Attempts to Compromise the Standards of Medical Profession in Sri Lanka

Sri Lanka has achieved high medical standards for many decades. This needs to be preserved by maintaining the quality of medical education in order to protect the best interests of patients.

Academic background of Assistant Medical Practitioners (AMP’s) 
Prior to 1987, AMP’s (known as apothecaries) were recruited from candidates having six simple passes in G.C.E. Ordinary Level examination. After 1987 this entry qualification was changed to three simple passes in G.C.E. Advanced Level examination. Most of the current AMP’s who have sought medical registration with the SLMC were recruited with under the first scheme.

Academic competencies and clinical exposure of AMPs
The training programme of AMP’s comprises 2 ½ years training at the National Institute of Health Services (not a registered University) including six months of clinical training. This clinical training composed of only 14 weeks of hand skills training and the rest was spent as observers in clinics.

AMPs are present only in Sri Lanka
There’s no post called AMP anywhere else in the world, whereas Apothecaries are present elsewhere. In Sri Lanka Apothecaries first became “medical assistants” and then AMPs without any academic enhancement.

Fraudulent Russian Degree and AMPs
To be registered as a medical practitioner in Sri Lanka, an individual should graduate from a Faculty of Medicine in a University with M.B.B.S. having excelled at G. C. E. Advanced Level examination.

The Ministry of Health facilitated a degree programme for AMPs in St. Petersburg University, Russia for six years, which was subsequently reduced to three years. Further the AMPs were given the unusual privilege of paid full time leave for three years to follow this program.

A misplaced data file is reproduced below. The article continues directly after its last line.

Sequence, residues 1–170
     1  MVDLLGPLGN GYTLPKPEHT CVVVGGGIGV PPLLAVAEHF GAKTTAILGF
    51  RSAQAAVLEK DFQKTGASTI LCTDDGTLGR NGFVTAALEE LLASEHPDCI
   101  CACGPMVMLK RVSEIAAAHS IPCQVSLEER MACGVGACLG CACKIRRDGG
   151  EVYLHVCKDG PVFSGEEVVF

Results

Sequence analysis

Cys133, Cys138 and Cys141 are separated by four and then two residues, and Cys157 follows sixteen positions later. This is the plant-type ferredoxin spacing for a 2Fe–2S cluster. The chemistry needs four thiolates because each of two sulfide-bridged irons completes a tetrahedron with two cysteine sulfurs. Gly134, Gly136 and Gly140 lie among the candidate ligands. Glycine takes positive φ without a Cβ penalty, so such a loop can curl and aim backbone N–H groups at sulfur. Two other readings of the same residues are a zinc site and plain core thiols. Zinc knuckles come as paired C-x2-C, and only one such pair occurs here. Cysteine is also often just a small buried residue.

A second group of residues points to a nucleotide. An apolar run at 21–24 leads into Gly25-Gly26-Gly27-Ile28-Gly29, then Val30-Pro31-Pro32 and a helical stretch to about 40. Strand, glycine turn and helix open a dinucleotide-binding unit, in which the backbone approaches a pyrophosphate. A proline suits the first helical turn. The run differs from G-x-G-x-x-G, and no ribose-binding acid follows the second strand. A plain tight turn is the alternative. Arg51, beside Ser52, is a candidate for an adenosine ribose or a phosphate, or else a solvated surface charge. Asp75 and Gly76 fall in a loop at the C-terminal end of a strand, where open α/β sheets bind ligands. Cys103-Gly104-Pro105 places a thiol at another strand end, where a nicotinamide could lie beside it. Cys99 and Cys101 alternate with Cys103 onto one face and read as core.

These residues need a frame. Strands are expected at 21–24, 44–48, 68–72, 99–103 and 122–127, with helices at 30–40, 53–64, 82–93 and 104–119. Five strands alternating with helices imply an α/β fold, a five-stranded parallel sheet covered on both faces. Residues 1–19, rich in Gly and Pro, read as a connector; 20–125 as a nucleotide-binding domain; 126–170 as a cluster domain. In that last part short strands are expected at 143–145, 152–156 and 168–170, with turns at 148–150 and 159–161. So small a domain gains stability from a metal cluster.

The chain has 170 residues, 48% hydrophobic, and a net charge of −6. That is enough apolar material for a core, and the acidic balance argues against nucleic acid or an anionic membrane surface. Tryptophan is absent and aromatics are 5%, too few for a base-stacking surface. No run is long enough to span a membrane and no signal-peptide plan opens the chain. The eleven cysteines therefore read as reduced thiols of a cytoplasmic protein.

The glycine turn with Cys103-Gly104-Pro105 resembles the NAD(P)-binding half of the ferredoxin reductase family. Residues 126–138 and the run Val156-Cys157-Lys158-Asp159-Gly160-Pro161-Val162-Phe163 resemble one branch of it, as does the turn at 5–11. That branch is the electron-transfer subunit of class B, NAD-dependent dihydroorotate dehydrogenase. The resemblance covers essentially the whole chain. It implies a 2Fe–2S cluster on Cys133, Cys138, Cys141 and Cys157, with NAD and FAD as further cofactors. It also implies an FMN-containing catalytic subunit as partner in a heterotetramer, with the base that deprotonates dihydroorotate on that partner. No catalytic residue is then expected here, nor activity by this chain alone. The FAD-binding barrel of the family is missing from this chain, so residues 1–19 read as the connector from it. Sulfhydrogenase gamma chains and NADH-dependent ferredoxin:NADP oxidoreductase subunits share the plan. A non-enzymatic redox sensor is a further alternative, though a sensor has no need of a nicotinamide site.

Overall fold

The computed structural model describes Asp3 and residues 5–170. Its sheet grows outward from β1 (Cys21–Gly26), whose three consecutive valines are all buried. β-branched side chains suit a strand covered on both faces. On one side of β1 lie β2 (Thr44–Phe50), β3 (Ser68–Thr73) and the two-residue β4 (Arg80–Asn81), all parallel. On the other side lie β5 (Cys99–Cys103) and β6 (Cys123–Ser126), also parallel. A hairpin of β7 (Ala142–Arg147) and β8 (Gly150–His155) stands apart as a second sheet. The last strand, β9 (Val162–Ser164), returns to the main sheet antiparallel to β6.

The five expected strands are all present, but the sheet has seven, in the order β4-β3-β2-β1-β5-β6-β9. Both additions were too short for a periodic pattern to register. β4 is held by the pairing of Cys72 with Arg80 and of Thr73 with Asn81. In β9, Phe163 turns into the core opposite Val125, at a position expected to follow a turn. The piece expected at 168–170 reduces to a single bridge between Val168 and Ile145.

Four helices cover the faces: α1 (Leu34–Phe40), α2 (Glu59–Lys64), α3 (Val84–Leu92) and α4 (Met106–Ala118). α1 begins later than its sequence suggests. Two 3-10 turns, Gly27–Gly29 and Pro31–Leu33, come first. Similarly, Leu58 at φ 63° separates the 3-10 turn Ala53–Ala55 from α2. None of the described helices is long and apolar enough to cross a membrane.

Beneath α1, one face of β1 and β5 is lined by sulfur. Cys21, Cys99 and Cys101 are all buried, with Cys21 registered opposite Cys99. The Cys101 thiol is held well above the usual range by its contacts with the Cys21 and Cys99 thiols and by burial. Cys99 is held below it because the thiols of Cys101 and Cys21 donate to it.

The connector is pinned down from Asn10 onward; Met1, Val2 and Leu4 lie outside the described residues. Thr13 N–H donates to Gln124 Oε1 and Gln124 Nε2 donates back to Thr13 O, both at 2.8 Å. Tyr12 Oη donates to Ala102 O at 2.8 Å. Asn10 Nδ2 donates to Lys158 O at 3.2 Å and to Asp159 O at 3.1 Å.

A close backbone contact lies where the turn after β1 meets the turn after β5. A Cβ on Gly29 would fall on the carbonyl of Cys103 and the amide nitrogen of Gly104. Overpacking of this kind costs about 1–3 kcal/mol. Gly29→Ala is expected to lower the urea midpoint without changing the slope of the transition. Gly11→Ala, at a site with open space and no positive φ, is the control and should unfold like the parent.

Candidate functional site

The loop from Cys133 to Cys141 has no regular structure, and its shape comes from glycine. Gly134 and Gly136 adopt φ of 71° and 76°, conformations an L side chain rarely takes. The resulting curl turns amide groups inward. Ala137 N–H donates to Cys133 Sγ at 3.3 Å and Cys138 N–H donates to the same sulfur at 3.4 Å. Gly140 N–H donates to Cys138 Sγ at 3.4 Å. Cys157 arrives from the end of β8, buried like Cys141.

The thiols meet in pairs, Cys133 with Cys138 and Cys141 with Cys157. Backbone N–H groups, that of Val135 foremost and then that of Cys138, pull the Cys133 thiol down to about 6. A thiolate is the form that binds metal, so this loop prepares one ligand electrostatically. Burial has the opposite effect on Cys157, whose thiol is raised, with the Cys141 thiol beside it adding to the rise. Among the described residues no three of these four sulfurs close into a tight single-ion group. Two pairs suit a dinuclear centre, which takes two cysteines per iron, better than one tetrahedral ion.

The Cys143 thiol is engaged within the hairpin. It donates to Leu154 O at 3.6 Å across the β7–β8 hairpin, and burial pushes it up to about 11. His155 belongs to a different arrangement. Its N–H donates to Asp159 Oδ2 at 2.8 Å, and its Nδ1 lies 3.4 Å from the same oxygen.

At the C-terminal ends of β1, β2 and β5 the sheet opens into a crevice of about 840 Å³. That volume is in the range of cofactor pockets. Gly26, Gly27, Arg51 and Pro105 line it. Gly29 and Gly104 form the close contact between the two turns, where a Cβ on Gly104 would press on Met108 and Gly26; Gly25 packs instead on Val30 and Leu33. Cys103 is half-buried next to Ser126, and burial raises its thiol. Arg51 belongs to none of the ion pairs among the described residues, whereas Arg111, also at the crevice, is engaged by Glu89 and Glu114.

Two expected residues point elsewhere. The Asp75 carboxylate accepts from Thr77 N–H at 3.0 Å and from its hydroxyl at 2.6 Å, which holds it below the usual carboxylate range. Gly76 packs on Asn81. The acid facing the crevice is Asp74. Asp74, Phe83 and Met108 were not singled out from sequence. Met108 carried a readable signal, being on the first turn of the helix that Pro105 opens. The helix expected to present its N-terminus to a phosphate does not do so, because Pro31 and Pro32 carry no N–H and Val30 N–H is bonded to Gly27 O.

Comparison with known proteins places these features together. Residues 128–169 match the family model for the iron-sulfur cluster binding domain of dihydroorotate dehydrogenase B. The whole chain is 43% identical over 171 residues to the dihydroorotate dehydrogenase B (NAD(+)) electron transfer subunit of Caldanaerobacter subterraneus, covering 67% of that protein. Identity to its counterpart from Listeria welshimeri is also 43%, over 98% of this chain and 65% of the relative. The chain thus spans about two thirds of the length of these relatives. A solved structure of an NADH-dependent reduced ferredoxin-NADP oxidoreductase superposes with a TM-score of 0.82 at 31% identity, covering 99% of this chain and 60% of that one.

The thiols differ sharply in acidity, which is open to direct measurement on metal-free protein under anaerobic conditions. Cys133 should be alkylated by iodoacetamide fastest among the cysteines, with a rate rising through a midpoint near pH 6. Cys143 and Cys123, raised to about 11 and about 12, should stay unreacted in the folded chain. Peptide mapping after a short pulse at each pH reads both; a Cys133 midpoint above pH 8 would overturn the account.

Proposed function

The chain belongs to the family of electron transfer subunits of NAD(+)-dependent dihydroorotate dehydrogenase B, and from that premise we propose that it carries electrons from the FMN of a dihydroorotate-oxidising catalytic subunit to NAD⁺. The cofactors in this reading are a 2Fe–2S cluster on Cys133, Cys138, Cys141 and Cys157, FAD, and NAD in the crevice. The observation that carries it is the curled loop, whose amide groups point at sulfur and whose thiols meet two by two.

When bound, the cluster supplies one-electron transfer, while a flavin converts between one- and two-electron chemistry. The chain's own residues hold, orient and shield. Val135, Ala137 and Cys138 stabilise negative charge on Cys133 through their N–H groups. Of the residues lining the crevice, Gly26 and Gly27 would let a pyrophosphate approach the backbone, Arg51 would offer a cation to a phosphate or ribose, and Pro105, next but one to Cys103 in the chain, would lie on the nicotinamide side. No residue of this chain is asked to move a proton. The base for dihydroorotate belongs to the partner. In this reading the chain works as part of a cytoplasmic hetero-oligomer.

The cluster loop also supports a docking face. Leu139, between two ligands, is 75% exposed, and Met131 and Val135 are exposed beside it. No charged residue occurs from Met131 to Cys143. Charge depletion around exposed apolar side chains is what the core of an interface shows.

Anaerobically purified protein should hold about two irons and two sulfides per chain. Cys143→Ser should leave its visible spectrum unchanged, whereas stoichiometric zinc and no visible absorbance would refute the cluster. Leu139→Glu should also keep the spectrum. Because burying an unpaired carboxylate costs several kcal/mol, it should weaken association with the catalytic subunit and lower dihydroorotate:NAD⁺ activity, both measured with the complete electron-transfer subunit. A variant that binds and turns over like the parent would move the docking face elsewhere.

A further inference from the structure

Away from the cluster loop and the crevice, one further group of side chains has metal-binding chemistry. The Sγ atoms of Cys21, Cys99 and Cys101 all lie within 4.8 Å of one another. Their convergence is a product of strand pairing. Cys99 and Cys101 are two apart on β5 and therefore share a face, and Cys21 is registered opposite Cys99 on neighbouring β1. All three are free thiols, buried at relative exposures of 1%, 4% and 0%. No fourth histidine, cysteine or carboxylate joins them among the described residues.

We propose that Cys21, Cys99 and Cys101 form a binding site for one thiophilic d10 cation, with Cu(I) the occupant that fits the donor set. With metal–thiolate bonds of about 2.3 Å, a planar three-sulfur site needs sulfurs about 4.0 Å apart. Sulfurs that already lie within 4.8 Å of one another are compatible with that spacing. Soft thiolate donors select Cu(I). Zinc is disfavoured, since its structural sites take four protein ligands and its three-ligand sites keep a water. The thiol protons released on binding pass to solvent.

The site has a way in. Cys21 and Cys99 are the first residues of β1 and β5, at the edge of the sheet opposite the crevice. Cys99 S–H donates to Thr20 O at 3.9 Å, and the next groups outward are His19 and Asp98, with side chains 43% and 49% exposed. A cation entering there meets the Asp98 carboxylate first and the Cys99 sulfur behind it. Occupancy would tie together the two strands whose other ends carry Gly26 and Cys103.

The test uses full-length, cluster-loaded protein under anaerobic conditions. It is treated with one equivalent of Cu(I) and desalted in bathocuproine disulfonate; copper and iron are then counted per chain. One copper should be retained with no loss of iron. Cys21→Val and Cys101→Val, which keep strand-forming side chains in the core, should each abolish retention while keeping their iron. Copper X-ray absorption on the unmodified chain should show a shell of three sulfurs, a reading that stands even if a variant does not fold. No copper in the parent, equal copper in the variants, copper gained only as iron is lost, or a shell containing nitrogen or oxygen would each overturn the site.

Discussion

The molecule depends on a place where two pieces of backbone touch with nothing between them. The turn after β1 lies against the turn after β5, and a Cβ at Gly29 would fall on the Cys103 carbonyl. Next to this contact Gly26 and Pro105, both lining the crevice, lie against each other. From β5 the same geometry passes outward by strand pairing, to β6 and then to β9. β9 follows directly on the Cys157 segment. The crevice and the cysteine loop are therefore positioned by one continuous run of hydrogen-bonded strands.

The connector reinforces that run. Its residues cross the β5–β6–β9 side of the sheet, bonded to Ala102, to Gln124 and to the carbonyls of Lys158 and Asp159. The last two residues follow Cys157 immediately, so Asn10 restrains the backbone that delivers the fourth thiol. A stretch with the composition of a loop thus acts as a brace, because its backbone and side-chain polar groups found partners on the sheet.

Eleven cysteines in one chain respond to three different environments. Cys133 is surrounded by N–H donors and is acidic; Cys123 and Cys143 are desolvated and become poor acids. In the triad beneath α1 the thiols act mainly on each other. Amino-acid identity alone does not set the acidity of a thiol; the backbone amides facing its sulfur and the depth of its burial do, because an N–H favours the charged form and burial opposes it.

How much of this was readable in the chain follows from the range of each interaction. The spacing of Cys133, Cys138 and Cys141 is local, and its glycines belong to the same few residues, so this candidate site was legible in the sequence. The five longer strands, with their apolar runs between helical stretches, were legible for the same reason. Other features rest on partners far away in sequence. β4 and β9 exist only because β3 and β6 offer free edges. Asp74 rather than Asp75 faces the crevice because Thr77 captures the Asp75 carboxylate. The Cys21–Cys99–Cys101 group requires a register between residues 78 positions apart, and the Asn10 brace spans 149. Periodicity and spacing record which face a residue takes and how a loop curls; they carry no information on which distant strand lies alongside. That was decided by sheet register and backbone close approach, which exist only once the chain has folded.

Subsequently the AMP’s produced a St. Petersburg MD certificate to Sri Lanka Medical Council. Degree certificate mentioned FULL TIME RESIDENTIAL 3 YEARS. But their passport did not support stay in Russia. Therefore the Police (CID), Supreme Court of Sri Lanka, SLMC and a commission appointed by the Secretary of Health all concluded that this was a fraudulent certificate.

The GMOA submission in response to this is as follows:

The Sri Lanka Medical Council, University Grants Commission and Deans of all Medical Faculties have upheld medical standards to date.
Dr. Sarath N. Silva in Open Court mentioned that if registration is allowed, then Notary public will soon request to become Lawyers, Draftsmen will request to become Architects or Surveyors undermining the quality of all professional services in Sri Lanka.

It is patently clear that AMPs possess a fraudulent medical certificate. We therefore expect that all authorities including the SLMC will take necessary action to safeguard the medical profession and patients of this country.

Press Release:  03-02-2014